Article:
Turn Me On, Dammit!, an indie Norwegian film about a 15-year-old girl’s struggling with her burgeoning sexuality and dealing with high school tensions, has been widely acclaimed by critics on both sides of the Atlantic. Yet, controversy led to the cancellation of a screening in Tuscaloosa, Alabama, where the film was scheduled to be shown as part of the Arts Council’s Summer Film Series. Pastor John Kearns of the Christ Harbor United Methodist Church saw an advertisement for the film in a local paper. Taking offense at the title and subject matter, Kearns contacted Tuscaloosa County probate Judge Hardy McCollum, the mayors of Northport and Tuscaloosa, and finally, the Arts Council that selected the film. Another pastor, Randy Fuller, in a sermon at New Beginnings Church, threatened to mobilize the entire religious community against the mayor and city council members in a drive to push for the cancellation of the film. In response to this pressure, Walt Maddox, mayor of Tuscaloosa, reportedly advised the Arts Council to pull the film from the series. Fearing loss of City funding, the Arts Council agreed.

Is Tuscaloosa becoming a theocracy where a few religious figures can bully the Mayor into interfering with the work of the Arts Council? Fortunately, this has proven not to be the case: many members of the community were outraged by the cancellation of the film and, in further discussions with the Arts Council the mayor assured them their programming decisions would not be penalized by funding cuts. With that threat gone, the Arts Council reversed its decision to cancel the film.

The fact that none of the individuals protesting the film’s showing even bothered to watch Turn Me On Dammit! for themselves is troubling. It’s a shame, too—Turn Me On Dammit! is a great film, which honestly explores issues that many adolescents face. Sure, it might contain brief nudity and sexually provocative scenes (albeit more embarrassing than arousing), but if you don’t like that, you have the freedom to choose not to watch the film. But to prevent others from watching the film in a public venue simply because you believe that it’s contrary to what you imagine should be the community’s “moral standards” is an exercise of censorship. Even more troubling, however, is the constitutionally suspect nature of the film’s initial cancellation: city officials are barred by the First Amendment from imposing the views of one vocal section of the community on everybody else, whether directly or by the use of the purse strings.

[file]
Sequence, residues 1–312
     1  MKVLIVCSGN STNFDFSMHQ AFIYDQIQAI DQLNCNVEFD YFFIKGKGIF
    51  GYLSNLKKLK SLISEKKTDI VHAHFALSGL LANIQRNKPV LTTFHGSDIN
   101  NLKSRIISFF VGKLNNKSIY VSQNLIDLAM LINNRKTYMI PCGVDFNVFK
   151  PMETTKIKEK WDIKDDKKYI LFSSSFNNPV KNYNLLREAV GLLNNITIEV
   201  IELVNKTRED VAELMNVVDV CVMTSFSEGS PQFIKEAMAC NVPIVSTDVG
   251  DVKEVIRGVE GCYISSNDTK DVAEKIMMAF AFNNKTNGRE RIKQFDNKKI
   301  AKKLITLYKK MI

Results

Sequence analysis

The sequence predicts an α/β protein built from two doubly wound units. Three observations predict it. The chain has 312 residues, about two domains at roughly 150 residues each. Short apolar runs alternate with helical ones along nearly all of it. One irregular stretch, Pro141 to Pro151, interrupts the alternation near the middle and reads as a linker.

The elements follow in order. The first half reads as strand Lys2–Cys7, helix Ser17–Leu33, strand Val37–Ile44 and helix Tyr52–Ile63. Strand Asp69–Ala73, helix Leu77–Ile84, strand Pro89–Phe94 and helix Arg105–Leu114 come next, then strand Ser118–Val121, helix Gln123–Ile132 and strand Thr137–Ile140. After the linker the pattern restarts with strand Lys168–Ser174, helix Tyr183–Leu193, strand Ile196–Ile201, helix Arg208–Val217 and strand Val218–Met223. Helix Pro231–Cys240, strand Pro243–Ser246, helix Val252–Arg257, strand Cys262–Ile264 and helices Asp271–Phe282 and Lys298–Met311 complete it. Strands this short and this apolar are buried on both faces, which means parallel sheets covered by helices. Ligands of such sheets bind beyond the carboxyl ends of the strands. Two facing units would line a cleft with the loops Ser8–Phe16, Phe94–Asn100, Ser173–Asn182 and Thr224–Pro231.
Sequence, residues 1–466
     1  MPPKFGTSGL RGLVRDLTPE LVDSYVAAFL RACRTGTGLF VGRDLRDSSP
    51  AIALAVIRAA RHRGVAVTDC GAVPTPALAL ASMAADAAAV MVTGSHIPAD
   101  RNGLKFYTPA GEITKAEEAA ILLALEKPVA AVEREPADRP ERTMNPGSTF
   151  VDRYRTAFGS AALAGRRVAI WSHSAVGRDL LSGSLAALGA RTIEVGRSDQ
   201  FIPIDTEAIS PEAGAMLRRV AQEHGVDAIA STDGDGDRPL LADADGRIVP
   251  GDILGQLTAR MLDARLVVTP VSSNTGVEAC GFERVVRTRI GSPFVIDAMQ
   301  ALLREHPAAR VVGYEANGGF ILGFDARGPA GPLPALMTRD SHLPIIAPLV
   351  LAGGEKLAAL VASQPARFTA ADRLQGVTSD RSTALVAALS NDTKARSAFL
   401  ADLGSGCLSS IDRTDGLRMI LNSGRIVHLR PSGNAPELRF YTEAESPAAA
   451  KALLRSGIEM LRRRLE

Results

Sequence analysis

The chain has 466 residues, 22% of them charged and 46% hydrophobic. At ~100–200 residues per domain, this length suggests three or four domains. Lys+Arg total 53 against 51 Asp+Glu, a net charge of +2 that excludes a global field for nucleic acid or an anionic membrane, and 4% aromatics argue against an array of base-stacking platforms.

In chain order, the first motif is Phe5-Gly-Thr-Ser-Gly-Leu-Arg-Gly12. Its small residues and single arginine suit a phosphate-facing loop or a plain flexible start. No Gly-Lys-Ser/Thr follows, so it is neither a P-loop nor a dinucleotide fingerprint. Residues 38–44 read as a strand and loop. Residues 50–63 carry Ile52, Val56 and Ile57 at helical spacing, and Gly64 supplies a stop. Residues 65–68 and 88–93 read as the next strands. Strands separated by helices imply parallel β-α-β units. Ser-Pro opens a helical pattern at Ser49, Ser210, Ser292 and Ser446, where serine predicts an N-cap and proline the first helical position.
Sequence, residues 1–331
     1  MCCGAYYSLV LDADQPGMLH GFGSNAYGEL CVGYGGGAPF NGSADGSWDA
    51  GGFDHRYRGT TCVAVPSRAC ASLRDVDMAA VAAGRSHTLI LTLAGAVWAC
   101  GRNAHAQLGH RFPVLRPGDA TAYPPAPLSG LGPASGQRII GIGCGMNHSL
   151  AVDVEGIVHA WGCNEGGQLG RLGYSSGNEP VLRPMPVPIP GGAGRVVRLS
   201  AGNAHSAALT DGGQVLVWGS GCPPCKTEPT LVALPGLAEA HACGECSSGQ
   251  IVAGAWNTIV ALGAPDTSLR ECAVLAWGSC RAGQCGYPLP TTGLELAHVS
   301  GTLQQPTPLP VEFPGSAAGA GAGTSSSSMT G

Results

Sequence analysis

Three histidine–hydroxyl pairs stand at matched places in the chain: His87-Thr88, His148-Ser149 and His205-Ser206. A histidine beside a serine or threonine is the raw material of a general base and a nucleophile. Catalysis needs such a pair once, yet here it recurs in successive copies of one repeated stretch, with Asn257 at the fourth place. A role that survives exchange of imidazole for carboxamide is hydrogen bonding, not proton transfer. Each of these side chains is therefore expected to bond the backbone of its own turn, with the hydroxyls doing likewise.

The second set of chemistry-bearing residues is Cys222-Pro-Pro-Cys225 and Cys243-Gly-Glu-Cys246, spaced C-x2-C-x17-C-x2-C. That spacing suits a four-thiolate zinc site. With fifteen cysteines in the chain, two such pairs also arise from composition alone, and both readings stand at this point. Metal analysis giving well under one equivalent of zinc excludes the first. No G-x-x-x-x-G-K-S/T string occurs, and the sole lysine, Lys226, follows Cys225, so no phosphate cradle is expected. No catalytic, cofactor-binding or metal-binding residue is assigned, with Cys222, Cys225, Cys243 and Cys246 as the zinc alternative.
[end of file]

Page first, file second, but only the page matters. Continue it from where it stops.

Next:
Throughout this whole ordeal, NCAC kept a close eye on the matter, preparing to take action had the cancellation not been reversed. Kearns and Fuller have threatened to protest at the film’s screening—something that they absolutely have a right to do, and something that nobody will preclude them from doing. Nonetheless, members of the Tuscaloosa community will now, too, be able to exercise their right to see the film in a public venue.